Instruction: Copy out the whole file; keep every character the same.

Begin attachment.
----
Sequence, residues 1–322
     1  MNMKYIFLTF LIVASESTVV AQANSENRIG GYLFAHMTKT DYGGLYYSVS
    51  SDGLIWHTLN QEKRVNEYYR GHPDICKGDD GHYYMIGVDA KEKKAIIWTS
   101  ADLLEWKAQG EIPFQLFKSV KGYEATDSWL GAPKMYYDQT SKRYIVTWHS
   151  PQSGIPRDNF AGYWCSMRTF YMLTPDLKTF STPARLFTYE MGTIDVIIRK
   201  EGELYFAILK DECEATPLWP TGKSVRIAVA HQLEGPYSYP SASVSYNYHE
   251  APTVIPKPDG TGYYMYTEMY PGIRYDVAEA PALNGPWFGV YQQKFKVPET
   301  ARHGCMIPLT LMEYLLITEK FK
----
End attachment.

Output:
Sequence, residues 1–322
     1  MNMKYIFLTF LIVASESTVV AQANSENRIG GYLFAHMTKT DYGGLYYSVS
    51  SDGLIWHTLN QEKRVNEYYR GHPDICKGDD GHYYMIGVDA KEKKAIIWTS
   101  ADLLEWKAQG EIPFQLFKSV KGYEATDSWL GAPKMYYDQT SKRYIVTWHS
   151  PQSGIPRDNF AGYWCSMRTF YMLTPDLKTF STPARLFTYE MGTIDVIIRK
   201  EGELYFAILK DECEATPLWP TGKSVRIAVA HQLEGPYSYP SASVSYNYHE
   251  APTVIPKPDG TGYYMYTEMY PGIRYDVAEA PALNGPWFGV YQQKFKVPET
   301  ARHGCMIPLT LMEYLLITEK FK